Employment for F-1 Students
Employment for F-1 Students (Social Security Cards and Taxes)
Students on F-1 visas have the opportunity to be employed in on-campus work or off-campus practical training opportunities. However, you must obtain the appropriate work authorization before starting your job. Working without proper authorization constitutes illegal employment.
For employment through Practical Training, please visit the Trinity – Curricular Practical Training (CPT)/ Optional Practical Training (OPT) webpage.
On-campus work is limited to part-time (20 hours or less per week) when school is in session. It may be full-time (up to 30 hours per week) during official school breaks. You must have a Social Security card before you start on-campus employment.
After finding a campus job, you should complete payroll information, contact Trinity’s Payroll Administrator, Kris Doorn.
Social Security Cards
F-1 students can work for pay during their stay in the United States. However, wage-paying jobs are limited to on-campus employment or part-time or full-time Curricular Practical Training (CPT)/ Optional Practical Training (OPT). In order to work, you must first receive a Social Security card. As an F-1 student, you are able to apply for a Social Security Number through the United States Social Security Administration. Prior to getting a Social Security card, you must show proof of impending employment (on-campus, CPT/OPT). You will need to visit a local Social Security Administration Office, with your I-20, Passport/Visa, and a letter from your employer outlining your job. Your SSN card, when approved, will be stamped “not authorized for employment without DHS authorization.” This stamp means that the Social Security card alone does not grant you work permission. However, the authorization – noted on page 3 of your I-20 – is granted in accordance with U.S. Department of Homeland Security (DHS) regulations, and can be used along with your SSN to allow you to be paid and taxed correctly in the U.S. for your work.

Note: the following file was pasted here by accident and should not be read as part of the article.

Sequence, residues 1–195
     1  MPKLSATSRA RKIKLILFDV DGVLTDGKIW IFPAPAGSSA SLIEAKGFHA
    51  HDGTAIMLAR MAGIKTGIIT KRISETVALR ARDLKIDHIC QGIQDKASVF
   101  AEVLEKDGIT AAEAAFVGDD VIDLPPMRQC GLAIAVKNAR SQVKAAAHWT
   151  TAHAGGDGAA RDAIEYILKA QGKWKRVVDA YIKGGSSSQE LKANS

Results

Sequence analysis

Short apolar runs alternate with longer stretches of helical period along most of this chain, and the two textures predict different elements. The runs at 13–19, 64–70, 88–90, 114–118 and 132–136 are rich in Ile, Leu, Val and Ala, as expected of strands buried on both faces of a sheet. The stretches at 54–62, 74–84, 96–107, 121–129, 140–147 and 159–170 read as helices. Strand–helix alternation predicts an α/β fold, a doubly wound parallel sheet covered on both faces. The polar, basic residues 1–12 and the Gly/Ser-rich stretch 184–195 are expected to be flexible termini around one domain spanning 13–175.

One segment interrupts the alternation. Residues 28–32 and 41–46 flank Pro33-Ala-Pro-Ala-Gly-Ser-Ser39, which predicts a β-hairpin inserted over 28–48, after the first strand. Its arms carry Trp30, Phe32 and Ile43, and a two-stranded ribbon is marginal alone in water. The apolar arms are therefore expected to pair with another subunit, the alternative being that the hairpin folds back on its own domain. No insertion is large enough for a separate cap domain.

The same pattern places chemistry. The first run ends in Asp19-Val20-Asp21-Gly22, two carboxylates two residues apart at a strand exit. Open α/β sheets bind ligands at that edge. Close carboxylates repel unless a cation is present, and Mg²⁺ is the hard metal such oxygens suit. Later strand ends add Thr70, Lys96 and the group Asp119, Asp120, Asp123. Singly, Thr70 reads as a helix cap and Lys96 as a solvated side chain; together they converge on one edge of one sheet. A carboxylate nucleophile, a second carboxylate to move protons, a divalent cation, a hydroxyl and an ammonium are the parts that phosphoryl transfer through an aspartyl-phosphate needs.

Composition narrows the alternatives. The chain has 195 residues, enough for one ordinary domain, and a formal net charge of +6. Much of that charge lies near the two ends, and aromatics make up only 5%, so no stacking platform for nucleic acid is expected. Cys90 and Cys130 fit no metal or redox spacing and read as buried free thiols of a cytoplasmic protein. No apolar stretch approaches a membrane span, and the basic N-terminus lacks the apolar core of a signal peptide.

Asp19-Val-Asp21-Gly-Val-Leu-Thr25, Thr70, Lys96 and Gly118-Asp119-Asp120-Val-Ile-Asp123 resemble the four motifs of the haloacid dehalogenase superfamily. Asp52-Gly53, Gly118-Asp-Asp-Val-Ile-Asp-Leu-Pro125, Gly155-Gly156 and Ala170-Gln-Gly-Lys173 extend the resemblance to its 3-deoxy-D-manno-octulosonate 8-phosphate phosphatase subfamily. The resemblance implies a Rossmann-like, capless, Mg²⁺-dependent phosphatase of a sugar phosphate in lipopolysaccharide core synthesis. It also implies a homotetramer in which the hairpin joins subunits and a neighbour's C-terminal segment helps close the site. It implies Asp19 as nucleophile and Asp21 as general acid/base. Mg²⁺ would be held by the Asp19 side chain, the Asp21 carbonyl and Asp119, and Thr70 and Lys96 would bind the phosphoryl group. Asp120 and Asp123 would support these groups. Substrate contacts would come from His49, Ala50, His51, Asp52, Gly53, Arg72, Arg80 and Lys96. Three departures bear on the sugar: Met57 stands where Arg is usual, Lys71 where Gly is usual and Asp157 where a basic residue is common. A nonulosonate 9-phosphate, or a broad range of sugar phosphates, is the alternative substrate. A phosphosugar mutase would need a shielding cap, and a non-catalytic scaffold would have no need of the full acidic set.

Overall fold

You will then need to apply for a Social Security Number (SSN) at the Social Security Administration Office in Palos Hills, Ill., at 10718 S Roberts Rd. You will need to bring the following documents to apply:
- Passport, visa, and I-20
- I-94 record
- Employment verification letter from the Payroll Office or Employment Supervisor.
- SEVIS record verification letter from the OISAS.
- SSN Application
You’ll receive a receipt from the SSA when you apply for your SSN–make sure you save the receipt. A couple weeks after you apply for your SSN, your card will come by mail. Let the payroll administrator know your SSN, in order to finish your payroll information. Your payroll will then be complete for your current job and any other campus job you might get in the future.
For more information about F1 students and Social Security cards, click here.
By law, international students are required to file a tax return. Keep copies of your tax forms for at least three years.
Here are some FAQs for paying taxes in the United States:
Do international students pay tax in the U.S.?
An international student will be taxed in the same way as a nonresident alien for U.S. federal income taxes. F-1 international students must pay tax in the US on the following types of income:
- Wages and compensation
- Some scholarships/fellowship grants
What will I need in order to file my tax documents?
The first thing you will need is your W-2 form, officially known as a “Wage and Tax Statement.” This is an IRS tax form used to report wages paid to employees and the taxes withheld. You’ll need your W-2 to file your tax return, and your employer should provide this to you at the end of January of the next tax year. It will state the previous year’s earnings and tax withheld.
You will also need your Social Security Number. You will receive a 1042-S form from Trinity if you received a taxable scholarship (such as, for example a stipend or housing allowance).
When is the F-1 tax return deadline?
The deadline for all F-1 students to file their tax documents is 15 April (of every year). Missing the deadline may lead to some unwanted penalties, and jeopardize your chances of securing a U.S. visa or Green Card in the future.
How can I determine my residency status while in the United States on an F-1 visa?
In general, international students who are in the U.S. on an F-1 visa are considered nonresident aliens for tax purposes for the first five calendar years of their stay in the U.S.